author = "Toshiro Matsui and Mio Kobayashi and Sachiko Hayashida and Kiyoshi Matsumoto",
year = "2002",
month = "1",
day = "1",
doi = "10.1271/bbb.66.689",
language = "English",
volume = "66",
pages = "689--692",
journal = "Bioscience, Biotechnology and Biochemistry",
issn = "0916-8451",
publisher = "Japan Society for Bioscience Biotechnology and Agrochemistry",
number = "3",

}

TY - JOUR

T1 - Luteolin, a flavone, does not suppress postprandial glucose absorption through an inhibition of α-glucosidase action

AU - Matsui, Toshiro

AU - Kobayashi, Mio

AU - Hayashida, Sachiko

AU - Matsumoto, Kiyoshi

PY - 2002/1/1

Y1 - 2002/1/1

N2 - In order to clarify the postprandial glucose suppression via α-glucosidase (AGH) inhibitory action by natural compounds, flavonoids were examined in this study. Among the flavonoids (luteolin, kaempferol, chrysin, and galangin), luteolin showed the potent maltase inhibitory activity with the IC50 of 2.3 mM, while less inhibitions were observed against sucrase. In addition, the effects of maltase inhibition by flavonoids were observed in the descending order of potency of luteolin>kaempferol>chrysin>galangin. Apparently, the AGH inhibition power greatly increased with the replacement of hydroxyl groups at 3′ and 4′-position of the B-ring. However, the inhibitory power of luteolin was poorer than a therapeutic drug (acarbose: IC50; 430 nM). As a result of a single oral administration of maltose or sucrose (2 g/kg) in SD rats, no significant change in blood glucose level with the doses of 100 and 200 mg/kg of luteolin was observed. These findings strongly suggested that luteolin given at less than 200 mg/kg did not possess the ability to suppress the glucose production from carbohydrates through the inhibition of AGH action in the gut.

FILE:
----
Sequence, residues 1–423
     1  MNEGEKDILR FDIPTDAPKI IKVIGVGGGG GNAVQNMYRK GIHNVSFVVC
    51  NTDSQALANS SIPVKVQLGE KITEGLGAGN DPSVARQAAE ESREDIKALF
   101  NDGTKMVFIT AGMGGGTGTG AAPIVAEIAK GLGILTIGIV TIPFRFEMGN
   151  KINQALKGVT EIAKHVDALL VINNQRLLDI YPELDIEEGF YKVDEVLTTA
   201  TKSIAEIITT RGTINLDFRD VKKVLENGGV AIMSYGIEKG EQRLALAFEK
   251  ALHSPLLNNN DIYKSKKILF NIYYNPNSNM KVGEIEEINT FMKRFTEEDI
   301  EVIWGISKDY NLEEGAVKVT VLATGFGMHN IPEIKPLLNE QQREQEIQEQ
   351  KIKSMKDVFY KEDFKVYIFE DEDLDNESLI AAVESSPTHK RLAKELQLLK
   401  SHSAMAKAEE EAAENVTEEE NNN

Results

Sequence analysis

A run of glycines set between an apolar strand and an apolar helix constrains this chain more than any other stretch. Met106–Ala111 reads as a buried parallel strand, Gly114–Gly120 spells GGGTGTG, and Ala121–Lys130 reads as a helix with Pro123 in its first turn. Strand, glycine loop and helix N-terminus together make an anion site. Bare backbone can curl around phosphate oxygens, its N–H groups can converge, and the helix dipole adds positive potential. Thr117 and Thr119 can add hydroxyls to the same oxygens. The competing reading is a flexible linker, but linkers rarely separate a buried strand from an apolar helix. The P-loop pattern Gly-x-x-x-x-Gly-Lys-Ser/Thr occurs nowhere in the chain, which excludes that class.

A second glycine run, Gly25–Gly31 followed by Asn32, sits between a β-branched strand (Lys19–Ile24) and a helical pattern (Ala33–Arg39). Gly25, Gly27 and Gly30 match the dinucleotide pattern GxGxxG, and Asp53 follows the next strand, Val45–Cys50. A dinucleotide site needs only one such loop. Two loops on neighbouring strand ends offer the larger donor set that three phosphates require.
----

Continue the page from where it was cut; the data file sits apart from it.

AB - In order to clarify the postprandial glucose suppression via α-glucosidase (AGH) inhibitory action by natural compounds, flavonoids were examined in this study. Among the flavonoids (luteolin, kaempferol, chrysin, and galangin), luteolin showed the potent maltase inhibitory activity with the IC50 of 2.3 mM, while less inhibitions were observed against sucrase. In addition, the effects of maltase inhibition by flavonoids were observed in the descending order of potency of luteolin>kaempferol>chrysin>galangin. Apparently, the AGH inhibition power greatly increased with the replacement of hydroxyl groups at 3′ and 4′-position of the B-ring. However, the inhibitory power of luteolin was poorer than a therapeutic drug (acarbose: IC50; 430 nM). As a result of a single oral administration of maltose or sucrose (2 g/kg) in SD rats, no significant change in blood glucose level with the doses of 100 and 200 mg/kg of luteolin was observed. These findings strongly suggested that luteolin given at less than 200 mg/kg did not possess the ability to suppress the glucose production from carbohydrates through the inhibition of AGH action in the gut.

UR - http://www.scopus.com/inward/record.url?scp=0036490521&partnerID=8YFLogxK

UR - http://www.scopus.com/inward/citedby.url?scp=0036490521&partnerID=8YFLogxK

U2 - 10.1271/bbb.66.689

DO - 10.1271/bbb.66.689

M3 - Article

C2 - 12005074

AN - SCOPUS:0036490521

VL - 66

SP - 689

EP - 692

JO - Bioscience, Biotechnology and Biochemistry

JF - Bioscience, Biotechnology and Biochemistry

SN - 0916-8451

IS - 3

ER -